To anyone that likes to think human society has refined itself since the renaissance era, I present wresting. The 'entertainment sport' is the finest example of the modern day circus, with impossibly-sized men strutting around with a knowing wink and smile, ceaseless theatrics and giant widescreen tellies as the stage. There's plenty of money to be made here and, like the proverbial Golden Goose, THQ's annual tie-in video game Smackdown Vs Raw keeps laying lucrative eggs.
Now on its millionth instalment, 2011's update comes complete with an entirely new physics engine that allows tables to ruggedly collapse into lots of chunky bits. Ladders can be propped up against drooping ropes and - while nobody really wanted it, though it's nice to see it anyway - chairs can finally be flung at other players.
The most significant changes come from when you step outside the ring, however. Wrestling has always been about absorbing yourself into its pantomime spectacle, the feuds and rivalries of its rotating cast and the long-running soap opera of a make believe universe where friendship, love and rivalry are sorted out by not wearing a lot of clothes, getting really sweaty and pretending to clothesline each other.
To incorporate all that we have this year's Road to Wrestlemania, which plops your chosen superstar (provided your favourite superstar is either Undertaker, Christian, John Cena, Rey Mysterio or Chris Jericho) into a third-person WWE backstage. You can bicker with your wrestling amigos, check out some mini-games or boost your stats by pumping ginormous weights in the gym. Alliances and rivalries are quickly formed and broken, and interactive cutscenes frequently let you choose which specific gaudy wrestler, from a selection of gaudy wrestlers, you fancy elbow dropping.
It's hardly Dragon Age, but the infusion of RPG elements to Road to Wrestlemania helps forge (or further) a bond between you and your chosen wrestler. That's essentially what the WWE is all about, after all.
Complementing Road to Wrestlemania is WWE Universe, a compound of former Exhibition and Career modes. This generates endless reams of pre-selected matches for you to grapple through, tweaking alliances and rivalries in the background depending on the results. It's completely adaptable, allowing you to fiddle with the game's selection whenever you want - doing so will cause it to remember your favourite choices and make sure they're more likely to turn up in the future, too.
It's hard to gauge the overall success of Universe without playing it for a lengthy amount of time, but it's already clear to see the mode does an excellent job of opening your eyes to characters you might not normally use. If you're really not interested in a certain fixture, though, each match can be simulated with a tap of a button until something that takes your fancy pops up. Its success hinges on how complex its web of pairings and rivalries can become over time, but the potential is huge and the theory behind the mode is already more interesting than the bland calendar-style of games like Fight Night and UFC.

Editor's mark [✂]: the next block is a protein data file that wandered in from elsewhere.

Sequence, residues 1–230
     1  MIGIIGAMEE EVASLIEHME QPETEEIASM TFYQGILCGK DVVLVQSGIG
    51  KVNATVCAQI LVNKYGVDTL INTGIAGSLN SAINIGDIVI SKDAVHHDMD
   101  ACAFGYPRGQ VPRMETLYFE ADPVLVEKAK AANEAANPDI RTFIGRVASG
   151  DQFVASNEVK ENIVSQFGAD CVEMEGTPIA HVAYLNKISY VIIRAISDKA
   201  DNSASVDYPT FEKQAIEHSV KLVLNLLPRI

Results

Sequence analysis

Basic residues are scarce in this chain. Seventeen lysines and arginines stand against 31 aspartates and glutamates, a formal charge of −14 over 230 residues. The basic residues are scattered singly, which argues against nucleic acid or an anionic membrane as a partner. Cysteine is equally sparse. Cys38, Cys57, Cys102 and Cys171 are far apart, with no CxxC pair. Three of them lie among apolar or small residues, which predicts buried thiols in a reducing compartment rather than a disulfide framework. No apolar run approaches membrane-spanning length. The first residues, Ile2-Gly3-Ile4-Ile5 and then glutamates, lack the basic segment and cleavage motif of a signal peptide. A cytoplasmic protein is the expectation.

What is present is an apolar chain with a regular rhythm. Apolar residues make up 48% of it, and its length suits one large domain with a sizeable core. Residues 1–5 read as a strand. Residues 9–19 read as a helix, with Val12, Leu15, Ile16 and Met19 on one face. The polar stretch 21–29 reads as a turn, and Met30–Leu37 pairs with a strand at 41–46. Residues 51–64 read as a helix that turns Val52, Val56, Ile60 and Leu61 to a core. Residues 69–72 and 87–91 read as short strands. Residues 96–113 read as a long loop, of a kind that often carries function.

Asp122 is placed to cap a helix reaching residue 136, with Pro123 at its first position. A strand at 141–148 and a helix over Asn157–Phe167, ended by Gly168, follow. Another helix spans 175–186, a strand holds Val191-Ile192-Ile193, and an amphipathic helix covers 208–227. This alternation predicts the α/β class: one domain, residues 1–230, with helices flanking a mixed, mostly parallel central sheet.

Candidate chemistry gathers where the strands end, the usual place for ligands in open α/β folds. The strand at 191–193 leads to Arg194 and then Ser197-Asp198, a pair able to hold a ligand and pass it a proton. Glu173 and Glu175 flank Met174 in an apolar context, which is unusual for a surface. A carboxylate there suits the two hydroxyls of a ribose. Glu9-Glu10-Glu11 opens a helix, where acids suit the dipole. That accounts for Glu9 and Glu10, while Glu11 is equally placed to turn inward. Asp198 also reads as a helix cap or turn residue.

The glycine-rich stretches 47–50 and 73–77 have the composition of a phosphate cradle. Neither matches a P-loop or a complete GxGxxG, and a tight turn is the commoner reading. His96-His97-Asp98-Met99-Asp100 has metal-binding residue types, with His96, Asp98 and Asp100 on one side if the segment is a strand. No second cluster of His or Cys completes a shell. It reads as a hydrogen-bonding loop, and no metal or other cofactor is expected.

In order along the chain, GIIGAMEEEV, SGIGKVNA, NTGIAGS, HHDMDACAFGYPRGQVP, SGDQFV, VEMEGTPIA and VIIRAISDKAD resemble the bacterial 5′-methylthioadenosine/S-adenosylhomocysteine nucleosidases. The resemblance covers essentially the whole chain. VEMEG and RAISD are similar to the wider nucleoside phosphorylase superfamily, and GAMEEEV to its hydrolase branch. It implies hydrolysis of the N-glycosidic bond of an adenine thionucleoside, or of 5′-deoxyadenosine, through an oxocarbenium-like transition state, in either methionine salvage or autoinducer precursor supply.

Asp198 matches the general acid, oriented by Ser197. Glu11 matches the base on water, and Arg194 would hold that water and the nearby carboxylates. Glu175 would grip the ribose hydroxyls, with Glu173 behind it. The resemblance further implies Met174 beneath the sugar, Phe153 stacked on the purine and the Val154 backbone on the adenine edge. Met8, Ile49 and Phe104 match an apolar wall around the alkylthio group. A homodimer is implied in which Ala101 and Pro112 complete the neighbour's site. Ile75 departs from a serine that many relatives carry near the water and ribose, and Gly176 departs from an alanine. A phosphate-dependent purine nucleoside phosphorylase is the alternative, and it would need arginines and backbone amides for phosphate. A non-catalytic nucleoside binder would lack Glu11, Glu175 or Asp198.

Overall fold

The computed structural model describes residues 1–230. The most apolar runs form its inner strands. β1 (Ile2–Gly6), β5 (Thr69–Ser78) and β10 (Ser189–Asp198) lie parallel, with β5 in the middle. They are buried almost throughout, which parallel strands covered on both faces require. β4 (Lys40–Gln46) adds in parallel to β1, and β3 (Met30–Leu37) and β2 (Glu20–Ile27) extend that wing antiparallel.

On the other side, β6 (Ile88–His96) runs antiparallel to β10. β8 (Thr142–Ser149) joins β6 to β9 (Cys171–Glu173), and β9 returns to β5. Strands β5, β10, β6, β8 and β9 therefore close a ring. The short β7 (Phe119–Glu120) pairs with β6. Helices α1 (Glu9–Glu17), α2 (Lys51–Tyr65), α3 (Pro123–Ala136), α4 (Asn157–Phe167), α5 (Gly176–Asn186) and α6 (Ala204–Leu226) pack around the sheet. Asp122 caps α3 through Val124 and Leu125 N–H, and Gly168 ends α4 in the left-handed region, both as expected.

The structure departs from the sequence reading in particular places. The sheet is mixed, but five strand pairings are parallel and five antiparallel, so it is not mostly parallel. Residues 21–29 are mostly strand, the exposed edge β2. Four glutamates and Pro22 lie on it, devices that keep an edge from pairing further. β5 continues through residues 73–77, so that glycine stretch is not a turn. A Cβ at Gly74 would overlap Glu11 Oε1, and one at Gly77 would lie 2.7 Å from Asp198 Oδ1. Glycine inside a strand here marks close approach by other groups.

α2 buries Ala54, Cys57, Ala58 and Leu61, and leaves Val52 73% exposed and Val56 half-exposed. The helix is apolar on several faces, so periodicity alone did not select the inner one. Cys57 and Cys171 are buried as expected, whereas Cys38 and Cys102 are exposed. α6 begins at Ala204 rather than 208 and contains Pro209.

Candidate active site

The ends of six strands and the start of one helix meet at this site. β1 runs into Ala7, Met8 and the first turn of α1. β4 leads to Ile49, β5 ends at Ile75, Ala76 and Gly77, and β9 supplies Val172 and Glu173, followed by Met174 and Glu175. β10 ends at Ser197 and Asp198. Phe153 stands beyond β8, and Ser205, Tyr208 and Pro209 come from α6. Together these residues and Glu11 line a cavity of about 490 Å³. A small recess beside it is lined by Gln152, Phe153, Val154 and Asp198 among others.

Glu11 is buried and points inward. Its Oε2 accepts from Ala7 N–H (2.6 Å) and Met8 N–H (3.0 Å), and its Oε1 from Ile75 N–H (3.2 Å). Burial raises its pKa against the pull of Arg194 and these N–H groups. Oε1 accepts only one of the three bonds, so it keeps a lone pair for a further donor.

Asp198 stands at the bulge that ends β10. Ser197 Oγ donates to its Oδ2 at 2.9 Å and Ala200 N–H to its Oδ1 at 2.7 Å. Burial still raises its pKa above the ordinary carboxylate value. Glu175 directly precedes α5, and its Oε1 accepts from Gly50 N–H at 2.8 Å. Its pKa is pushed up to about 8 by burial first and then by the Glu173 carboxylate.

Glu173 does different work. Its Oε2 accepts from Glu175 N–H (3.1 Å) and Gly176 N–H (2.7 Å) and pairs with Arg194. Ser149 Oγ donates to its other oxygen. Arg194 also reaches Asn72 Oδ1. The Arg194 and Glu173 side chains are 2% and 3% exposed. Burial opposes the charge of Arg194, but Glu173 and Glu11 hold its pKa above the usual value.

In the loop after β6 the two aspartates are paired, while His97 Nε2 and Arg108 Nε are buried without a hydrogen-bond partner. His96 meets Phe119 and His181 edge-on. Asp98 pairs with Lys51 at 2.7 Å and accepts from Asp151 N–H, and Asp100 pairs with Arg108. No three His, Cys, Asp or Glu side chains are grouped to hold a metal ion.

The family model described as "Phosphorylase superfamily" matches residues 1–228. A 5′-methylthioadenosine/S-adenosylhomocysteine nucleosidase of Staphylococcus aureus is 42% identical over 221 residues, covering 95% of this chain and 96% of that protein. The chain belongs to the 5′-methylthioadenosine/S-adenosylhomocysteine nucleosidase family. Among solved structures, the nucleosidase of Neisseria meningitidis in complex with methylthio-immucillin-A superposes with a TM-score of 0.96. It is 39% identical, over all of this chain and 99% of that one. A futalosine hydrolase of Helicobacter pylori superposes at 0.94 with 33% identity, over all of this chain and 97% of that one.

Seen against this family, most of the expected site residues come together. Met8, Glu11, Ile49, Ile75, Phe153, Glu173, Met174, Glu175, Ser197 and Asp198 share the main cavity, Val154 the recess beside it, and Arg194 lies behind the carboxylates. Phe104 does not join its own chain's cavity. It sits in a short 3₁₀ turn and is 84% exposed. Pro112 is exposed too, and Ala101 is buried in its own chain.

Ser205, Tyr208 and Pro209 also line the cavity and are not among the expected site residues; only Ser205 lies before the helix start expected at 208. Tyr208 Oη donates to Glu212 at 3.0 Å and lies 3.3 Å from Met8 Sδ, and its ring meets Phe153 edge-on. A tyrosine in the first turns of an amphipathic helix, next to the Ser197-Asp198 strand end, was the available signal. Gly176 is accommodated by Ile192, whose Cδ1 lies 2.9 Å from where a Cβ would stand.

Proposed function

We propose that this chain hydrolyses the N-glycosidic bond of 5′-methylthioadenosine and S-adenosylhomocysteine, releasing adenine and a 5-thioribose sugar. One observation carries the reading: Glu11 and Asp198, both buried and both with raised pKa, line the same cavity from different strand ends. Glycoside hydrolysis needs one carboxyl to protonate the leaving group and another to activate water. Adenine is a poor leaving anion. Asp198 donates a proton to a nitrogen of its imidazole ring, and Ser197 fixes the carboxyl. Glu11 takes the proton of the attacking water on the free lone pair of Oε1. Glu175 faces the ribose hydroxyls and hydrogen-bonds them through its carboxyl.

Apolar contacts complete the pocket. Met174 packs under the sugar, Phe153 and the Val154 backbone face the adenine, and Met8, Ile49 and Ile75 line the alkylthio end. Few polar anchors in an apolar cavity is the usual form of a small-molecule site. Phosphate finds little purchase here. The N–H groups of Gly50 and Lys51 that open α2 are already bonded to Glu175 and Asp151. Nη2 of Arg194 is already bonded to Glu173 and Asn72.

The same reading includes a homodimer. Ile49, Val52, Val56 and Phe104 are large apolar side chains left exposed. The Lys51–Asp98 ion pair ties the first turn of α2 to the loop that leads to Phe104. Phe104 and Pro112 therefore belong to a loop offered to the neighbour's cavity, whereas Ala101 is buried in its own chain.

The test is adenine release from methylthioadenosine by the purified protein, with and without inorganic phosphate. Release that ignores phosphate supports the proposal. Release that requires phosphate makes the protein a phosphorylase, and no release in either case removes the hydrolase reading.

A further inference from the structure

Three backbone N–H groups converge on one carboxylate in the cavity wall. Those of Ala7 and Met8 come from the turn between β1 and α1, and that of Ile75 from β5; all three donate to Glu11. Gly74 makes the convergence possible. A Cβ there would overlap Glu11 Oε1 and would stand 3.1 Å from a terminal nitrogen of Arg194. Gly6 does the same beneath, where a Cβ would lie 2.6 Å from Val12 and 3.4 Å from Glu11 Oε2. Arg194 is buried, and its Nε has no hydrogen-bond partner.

Universe also seamlessly adapts for single or online play. Your 'Online Axxess' code (free with all new copies of the game) gets you access to, amongst the familiar modes, online Royal Rumbles for the very first time. The selection of matches, as always, is extensive: the main menu gives you an option to dip into Normal brawls, Inferno, First Blood, Hell in a Cell, Iron Man, Ladder, Last Man Standing, Submission, Steel Cage, Table, TLC, Backstage and Extreme Rules. That's not even including all the multiplayer modes, such as Tag.
THQ is clearly having a pretty extensive attempt at capturing the world outside of the ring, then, but it's worth remembering the bulk of the action will always happen inside the ropes. Here the changes are less extensive, offering up the familiar clash of excellent and ropey.
Animations seem lumpy and stilled, for instance, with the series' familiar patchwork progression from one move to another. And the more powerful moves, as always, feel like they're lacking in any weight or power. It's a bit of a shame that, while these superstars spend years practicing the look of physical pain, the game still makes it seem like colliding with a table is something easily brushed off with a deep breath and a few seconds lying on the floor.
One of the problems is the engine, which remains (as always) in desperate need of a hefty update. This will never happen while THQ is going out of its way to support the PS2, but compare Smackdown vs. Raw 2011 to the likes of MMA and its age becomes more painfully noticeable every single year. THQ is doing a decent job with what it has, employing some decent character and stage modelling, but the current engine surely cannot go on much longer.
Still, Smackdown vs. Raw 2011 effectively shows that THQ has plenty of ideas left for its long-running annual franchise; they're not going to stop until they've created a digital recreation of the entire WWE, and this looks like a good first step in significantly capturing the staged feuds and backside antics that make up so much of the franchise. All we need now is to have a mode where a once-famous star grows old disgracefully and tries to stay in the ring for far longer than he should - roll on 2012.